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Pensantur trutina-Hor. Lib. II. Epist. 1.
MAN, on the dubious waves of errour toss'd,
Hard lot of man-to toil for the reyard
20 Oh how unlike the complex works of man, Heav'n's easy, artless, unencumber'd plan! No meretricious graces to beguile, No clust'ring ornaments to clog the pile ; From ostentation as from weakness free,
25 It stands like the ceruloan arch we see, Majestick in its own simplicity. VOL. I.
Inscrib'd above the portal, from afar
Who judg'd the pharisee? What odious cause
50 (Such were the sins with which he charg'd his Lord.) No--the man's morals were exact, what then? 'Twas his ambition to be seen of men ; His virtues were his pride ; and that one vice, Made all his virtues gewgaws of no price ;
55 He wore them as fine trappings for a show, A praying, synagogue-frequenting beau. The self-applauding bird, the peacock, seeMark what a sumptuous pharisee is he ! Meridian sunbeams tempt him to unfold
60 His radiant glories, azure, green, and gold; He treads as if some solemn musick near, His measur'd step were govern'd by his ear ; And seems to say-Ye meaner fowl, give place, I am all splendour, dignity, and grace!
Not so the pheasant on his charms presumes,
His dwelling a recess in some rude rock, Book, beads, and maple dish, his meagre stock. 80 In shirt of hair and weeds of canvass dress'd, Girt with a bell rope that the pope has bless'd; Adust with stripes told out for ev'ry crime, And sore tormented long before his time; His pray'r preferr'd to saints that cannot aid ; 85 His praise postpon'd, and never to be paid; See the sage hermit, by mankind admir'd, With all that bigotry adopts inspir’d, Wearing out life in his religious whim, Till his religious whimsy wears out him.
90 His works, his abstinence, his zeal allow'd, You think him humble—God accounts him proud ; High in demand, though lowly in pretence, Of all his conduct this the genuine senseMy penitential stripes, my streaming blood, 95 Have purchas'd Heav'n, and prov'd my title good. Turn eastward now, and Fancy shall apply To your weak sight her telescopick eye. The bramin kindles on his own bare head The sacred fire, self-torturing his trade ;
100 His voluntary pains, severe and long, Would give a barb'rous air to British song ; No grand inquisitor could worse invent,
Than he contrives to suffer, well content.
Which is the saintlier worthy of the two? 105 Past all dispute, yon anchorite, say you. Your sentence and mine differ. What s a name? I say the bramin has the fairer claim. If suff'rings, Scripture no where recommends, Devis’d by self to answer selfish ends,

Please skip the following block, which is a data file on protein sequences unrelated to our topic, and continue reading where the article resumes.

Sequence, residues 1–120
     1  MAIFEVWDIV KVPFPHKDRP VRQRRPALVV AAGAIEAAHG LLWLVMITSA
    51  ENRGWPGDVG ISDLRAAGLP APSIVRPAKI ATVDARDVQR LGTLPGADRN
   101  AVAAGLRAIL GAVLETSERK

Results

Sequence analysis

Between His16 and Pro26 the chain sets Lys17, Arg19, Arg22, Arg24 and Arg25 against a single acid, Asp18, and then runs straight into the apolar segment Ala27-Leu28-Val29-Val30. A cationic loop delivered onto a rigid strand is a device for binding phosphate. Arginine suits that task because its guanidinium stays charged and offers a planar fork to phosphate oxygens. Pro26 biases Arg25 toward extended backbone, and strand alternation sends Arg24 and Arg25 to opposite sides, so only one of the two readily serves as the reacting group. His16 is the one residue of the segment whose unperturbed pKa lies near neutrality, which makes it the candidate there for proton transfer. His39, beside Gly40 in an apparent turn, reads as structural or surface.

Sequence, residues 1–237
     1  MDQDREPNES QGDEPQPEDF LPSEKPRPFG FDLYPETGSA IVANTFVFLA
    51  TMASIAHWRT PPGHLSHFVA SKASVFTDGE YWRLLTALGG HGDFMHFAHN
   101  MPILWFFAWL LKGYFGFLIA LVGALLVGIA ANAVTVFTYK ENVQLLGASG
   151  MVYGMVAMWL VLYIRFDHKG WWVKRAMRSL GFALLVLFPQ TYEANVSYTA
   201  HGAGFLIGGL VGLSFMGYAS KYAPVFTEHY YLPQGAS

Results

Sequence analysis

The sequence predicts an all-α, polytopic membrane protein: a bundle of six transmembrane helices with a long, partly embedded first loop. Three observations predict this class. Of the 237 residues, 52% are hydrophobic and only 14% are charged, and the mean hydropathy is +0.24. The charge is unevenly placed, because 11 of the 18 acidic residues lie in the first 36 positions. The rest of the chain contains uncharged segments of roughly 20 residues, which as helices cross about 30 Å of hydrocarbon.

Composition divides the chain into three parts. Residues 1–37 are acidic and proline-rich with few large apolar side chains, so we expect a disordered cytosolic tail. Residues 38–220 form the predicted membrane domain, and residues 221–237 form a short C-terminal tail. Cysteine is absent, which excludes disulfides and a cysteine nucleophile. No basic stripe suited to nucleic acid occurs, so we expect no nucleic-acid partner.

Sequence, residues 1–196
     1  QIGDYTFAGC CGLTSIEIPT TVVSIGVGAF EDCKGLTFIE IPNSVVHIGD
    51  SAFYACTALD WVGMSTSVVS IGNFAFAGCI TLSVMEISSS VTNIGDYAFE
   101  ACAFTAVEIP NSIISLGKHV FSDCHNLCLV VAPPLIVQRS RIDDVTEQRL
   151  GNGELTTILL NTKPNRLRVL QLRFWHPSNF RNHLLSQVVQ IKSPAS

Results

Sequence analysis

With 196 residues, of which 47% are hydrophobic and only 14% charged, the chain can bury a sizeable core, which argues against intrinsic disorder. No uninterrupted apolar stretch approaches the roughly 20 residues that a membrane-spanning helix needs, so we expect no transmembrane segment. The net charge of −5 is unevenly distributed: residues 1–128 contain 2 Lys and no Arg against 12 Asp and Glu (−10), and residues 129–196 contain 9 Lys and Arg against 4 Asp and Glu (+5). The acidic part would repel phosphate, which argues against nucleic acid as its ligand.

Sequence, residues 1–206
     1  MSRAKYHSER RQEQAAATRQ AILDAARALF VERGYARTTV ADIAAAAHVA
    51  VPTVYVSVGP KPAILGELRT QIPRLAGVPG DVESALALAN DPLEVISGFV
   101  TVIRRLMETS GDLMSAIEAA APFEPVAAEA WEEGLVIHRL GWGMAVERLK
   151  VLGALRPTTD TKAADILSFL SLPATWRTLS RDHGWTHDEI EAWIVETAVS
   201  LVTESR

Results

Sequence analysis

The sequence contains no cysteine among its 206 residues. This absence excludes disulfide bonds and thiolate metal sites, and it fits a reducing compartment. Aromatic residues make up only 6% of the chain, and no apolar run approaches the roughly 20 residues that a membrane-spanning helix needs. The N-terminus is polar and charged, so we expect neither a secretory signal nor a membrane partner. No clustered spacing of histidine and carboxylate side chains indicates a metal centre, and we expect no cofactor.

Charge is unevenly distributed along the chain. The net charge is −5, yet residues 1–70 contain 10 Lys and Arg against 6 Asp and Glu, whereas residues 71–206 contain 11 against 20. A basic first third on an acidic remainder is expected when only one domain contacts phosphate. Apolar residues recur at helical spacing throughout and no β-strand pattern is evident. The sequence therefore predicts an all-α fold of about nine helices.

110 Give saintship, then all Europe must agree Ten starving hermits suffer less than he.
The truth, is, (if the truth may suit your ear And prejudice have left a passage clear,) Pride has attain'd its most luxuriant growth, 115 And poison'd ev'ry virtue in them both. Pride may be pamper'd while the flesh grows lean; Humility may clothe an English dean; That grace was Cowper's—his, confess'd by allThough plac'd in golden Durham's second stall.
120 Not all the plenty of a bishop's board, His palace, and his lacqueys, and “ My lord,” More nourish pride, that condescending vice, Than abstinence, and beggary, and lice; It thrives in mis’ry, and abundant grows;
125 In mis’ry fools upon themselves impose.
But why before us protestants produce
140 To thrift and parsimony much inclin’d,
She get allows herself that boy behind ;
She half an angel in her own account, Doubts not hereafter with the saints to mount. 150 Though not a grace appears on strictest search, But that she fasts, and, item, goes to church. Conscious of age she recollects her youth, And tells, not always, with an eye to truth, Who spann'd her waist, and who, where'er he came, Scrawl'd upon glass Miss Bridget's lovely name; 156 Who stole her slipper, fill'd it with tokay, And drank the little bumper ev'ry day. Of temper as envenom'd as an asp, Censorious, and her ev'ry word a wasp ;
160 In faithful mem’ry she records the crimes, Or real or fictitious of the times; Laughs at the reputations she has torn, And holds them dangling at arm's length in scorn.
Such are the fruits of sanctimonious pride, 165 Of malice fed while flesh is mortified : Take, Madam, the reward of all your pray’rs, Where hermits and where bramins meet with theirs, Your portion is with them.–Nay, never frown, But if you please, some fathoms lower down. 170
Artist, attend—your brushes and your paintProduce them—take a chair—now draw a saint. Oh sorrowful and sad ! the streaming tears Channel her cheeks—a Niobe appears ! Is this a saint? Throw tints and all away- 175 True Piety is cheerful as the day, Will weep indeed and heave a pitying groan For others' woes, but smiles upon her own.
What purpose has the King of saints in view ?